Kazakhstan Tightens COVID Restrictions, Entry Requirements Amid Omicron Spread

NUR-SULTAN – COVID-19 cases have increased by 41 percent in two weeks due to the circulation of omicron, said newly appointed Kazakh Minister of Healthcare Azhar Giniyat at the Jan. 12 government meeting.

Minister of Healthcare Azhar Giniyat. Click on the picture to see the map.

The reproductive number has increased by 2.4 times since Jan. 1 and totals 2.2 nationwide. 

As of Jan. 14, Nur-Sultan, Almaty, and Shymkent cities, Atyrau, Akmola, Aktobe, West Kazakhstan, Mangistau, Karaganda, Kyzylorda, and Pavlodar regions are in the red zone, while Almaty, Zhambyl and Kostanai regions are in the yellow zone and other regions are in the green zone. 

“At the beginning of January, the omicron variant was confirmed in Almaty and Nur-Sultan. This variant is highly transmissible with an increased risk of reinfection. Omicron multiplies 70 times faster than the Delta variant,” said Giniyat. 

The interdepartmental commission released the new restrictions to fight the infection. 

Now people who can prove recent recovery from COVID-19 or provide proof of a full vaccination course (green status in the Ashyq system) are able to access trade malls and karaoke bars. 

SPA, sports and fitness centers are also open only for people with green status from Jan. 13.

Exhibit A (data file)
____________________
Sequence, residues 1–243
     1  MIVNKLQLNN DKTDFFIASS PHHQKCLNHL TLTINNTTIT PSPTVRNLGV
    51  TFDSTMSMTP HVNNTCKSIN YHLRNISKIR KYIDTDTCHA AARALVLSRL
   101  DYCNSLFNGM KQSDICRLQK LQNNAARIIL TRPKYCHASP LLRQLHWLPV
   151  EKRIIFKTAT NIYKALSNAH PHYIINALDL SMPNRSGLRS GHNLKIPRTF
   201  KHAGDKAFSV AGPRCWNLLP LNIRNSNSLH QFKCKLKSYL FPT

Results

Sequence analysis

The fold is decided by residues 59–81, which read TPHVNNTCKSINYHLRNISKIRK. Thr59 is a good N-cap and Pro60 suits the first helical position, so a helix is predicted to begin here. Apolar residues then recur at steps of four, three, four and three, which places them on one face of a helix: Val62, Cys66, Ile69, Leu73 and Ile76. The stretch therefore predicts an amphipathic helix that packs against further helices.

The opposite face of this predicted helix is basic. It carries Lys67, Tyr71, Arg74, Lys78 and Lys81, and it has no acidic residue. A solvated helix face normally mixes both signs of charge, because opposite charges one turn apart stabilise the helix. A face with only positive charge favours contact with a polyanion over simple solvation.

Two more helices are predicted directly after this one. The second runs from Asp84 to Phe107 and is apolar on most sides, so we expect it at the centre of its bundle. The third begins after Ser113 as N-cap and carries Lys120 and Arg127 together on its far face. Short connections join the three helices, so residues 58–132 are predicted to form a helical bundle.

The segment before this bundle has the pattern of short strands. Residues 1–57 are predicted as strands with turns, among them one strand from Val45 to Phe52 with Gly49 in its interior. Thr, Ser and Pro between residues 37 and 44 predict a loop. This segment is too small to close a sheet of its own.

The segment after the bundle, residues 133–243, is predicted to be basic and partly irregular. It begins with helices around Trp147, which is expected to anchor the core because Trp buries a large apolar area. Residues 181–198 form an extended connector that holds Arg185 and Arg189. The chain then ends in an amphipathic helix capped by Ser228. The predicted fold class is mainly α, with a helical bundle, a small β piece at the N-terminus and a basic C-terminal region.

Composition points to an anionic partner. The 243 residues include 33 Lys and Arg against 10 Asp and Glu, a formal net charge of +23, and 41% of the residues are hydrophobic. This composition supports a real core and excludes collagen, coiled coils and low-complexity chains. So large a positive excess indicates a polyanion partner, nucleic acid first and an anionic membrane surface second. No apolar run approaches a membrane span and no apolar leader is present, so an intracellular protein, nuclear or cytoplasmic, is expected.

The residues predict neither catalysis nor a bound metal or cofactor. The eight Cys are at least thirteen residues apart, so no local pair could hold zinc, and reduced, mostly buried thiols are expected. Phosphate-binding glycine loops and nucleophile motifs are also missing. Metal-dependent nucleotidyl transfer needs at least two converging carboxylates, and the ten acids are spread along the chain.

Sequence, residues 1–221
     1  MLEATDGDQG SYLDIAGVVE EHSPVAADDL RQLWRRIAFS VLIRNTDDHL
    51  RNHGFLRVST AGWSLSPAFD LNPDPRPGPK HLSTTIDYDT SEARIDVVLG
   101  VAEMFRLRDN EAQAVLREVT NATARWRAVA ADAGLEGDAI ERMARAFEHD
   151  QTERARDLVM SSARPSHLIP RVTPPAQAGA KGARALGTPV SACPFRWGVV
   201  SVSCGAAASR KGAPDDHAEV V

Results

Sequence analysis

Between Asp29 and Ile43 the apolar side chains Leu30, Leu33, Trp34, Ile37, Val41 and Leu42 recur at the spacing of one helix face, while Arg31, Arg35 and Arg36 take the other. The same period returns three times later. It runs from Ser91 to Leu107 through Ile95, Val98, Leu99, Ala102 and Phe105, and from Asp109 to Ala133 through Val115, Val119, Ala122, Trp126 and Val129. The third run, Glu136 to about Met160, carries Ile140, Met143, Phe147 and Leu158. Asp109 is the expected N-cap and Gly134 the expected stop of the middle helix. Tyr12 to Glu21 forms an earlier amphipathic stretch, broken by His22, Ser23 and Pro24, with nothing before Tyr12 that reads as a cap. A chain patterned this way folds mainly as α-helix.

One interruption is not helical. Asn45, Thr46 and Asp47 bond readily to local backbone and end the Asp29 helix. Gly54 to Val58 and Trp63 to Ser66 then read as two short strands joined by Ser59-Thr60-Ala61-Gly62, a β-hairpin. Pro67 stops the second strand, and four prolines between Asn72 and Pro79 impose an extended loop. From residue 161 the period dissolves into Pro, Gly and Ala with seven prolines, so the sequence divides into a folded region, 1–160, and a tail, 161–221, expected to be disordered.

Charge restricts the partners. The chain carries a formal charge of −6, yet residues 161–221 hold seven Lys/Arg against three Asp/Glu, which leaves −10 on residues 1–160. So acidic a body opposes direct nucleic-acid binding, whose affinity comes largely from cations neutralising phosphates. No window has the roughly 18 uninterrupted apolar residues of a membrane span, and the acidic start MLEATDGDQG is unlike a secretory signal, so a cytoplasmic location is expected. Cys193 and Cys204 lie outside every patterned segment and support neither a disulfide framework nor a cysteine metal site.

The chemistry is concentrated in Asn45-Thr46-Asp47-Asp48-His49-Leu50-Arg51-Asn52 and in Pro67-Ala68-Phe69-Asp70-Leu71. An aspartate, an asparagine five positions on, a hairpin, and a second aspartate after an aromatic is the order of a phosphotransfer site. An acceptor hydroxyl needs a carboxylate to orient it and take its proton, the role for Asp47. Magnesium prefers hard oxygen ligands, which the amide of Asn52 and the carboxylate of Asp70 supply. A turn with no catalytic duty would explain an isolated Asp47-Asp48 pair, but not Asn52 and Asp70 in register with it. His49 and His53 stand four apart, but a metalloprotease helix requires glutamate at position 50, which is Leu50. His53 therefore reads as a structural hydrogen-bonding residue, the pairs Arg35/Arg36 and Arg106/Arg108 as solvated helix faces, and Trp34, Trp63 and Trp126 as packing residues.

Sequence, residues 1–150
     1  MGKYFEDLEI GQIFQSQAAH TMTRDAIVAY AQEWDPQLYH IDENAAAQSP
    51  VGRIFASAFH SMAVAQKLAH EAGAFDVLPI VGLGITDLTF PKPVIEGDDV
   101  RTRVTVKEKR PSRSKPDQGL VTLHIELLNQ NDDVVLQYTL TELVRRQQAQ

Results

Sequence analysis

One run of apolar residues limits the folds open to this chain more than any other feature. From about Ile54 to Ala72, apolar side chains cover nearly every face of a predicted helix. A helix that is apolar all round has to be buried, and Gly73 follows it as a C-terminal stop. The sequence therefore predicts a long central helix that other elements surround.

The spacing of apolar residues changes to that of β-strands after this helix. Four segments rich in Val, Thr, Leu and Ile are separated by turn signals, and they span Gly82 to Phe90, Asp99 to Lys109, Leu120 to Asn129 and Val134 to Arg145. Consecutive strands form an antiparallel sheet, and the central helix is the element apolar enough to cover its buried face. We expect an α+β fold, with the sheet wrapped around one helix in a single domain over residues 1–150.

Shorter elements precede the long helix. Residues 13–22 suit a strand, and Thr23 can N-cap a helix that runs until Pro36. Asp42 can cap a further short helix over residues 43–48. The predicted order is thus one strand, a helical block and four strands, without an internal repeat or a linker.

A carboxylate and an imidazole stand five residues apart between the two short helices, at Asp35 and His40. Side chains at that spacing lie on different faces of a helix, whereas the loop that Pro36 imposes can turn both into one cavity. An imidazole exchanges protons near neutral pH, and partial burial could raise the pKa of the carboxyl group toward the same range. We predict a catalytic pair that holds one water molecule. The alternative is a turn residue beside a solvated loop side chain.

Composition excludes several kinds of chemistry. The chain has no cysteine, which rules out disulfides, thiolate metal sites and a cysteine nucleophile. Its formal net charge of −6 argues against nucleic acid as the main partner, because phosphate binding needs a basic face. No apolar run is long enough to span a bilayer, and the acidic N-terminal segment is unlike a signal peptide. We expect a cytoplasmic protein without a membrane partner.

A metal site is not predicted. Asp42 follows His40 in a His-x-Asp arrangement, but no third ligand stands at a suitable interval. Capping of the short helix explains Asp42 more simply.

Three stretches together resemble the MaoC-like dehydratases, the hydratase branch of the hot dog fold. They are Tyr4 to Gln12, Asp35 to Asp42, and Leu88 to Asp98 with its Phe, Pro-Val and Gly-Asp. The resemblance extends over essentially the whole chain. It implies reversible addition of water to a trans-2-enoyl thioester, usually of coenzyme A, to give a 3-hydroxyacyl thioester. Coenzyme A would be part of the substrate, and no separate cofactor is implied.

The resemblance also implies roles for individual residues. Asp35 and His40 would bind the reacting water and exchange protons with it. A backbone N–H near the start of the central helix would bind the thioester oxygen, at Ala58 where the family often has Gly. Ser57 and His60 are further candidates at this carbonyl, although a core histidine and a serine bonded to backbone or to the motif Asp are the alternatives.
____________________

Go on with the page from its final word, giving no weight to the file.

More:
People who arrive in Kazakhstan from other countries should provide a negative COVID-19 PCR test regardless of vaccination status from Jan. 15. 

In the cities and regions in the red zone, schoolchildren will study online until Jan. 31 and students will study remotely until Feb. 6. 

All mass events except for funerals with the participation of up to 30 people are banned. Entertainment, cultural and religious activities, conferences and seminars are banned. 

At least 70 percent of employees of state bodies, national companies and other companies should switch to remote work.

The Ministry of Healthcare recommends people to avoid visiting crowded places and not to hold or attend mass events. It is recommended to use masks not only in public places, but also on the street. 

The interim preliminary studies show that revaccination protects against severe forms, hospitalizations and deaths up to 70 percent.

More than 9.4 million people (49.3 percent) have been vaccinated with the first dose and more than 8.7 million people (45.8 percent) have been vaccinated with the second dose in the country. 

People over 60 are now able to get revaccinated with the Comirnaty (Pfizer) vaccine along with other vaccines.

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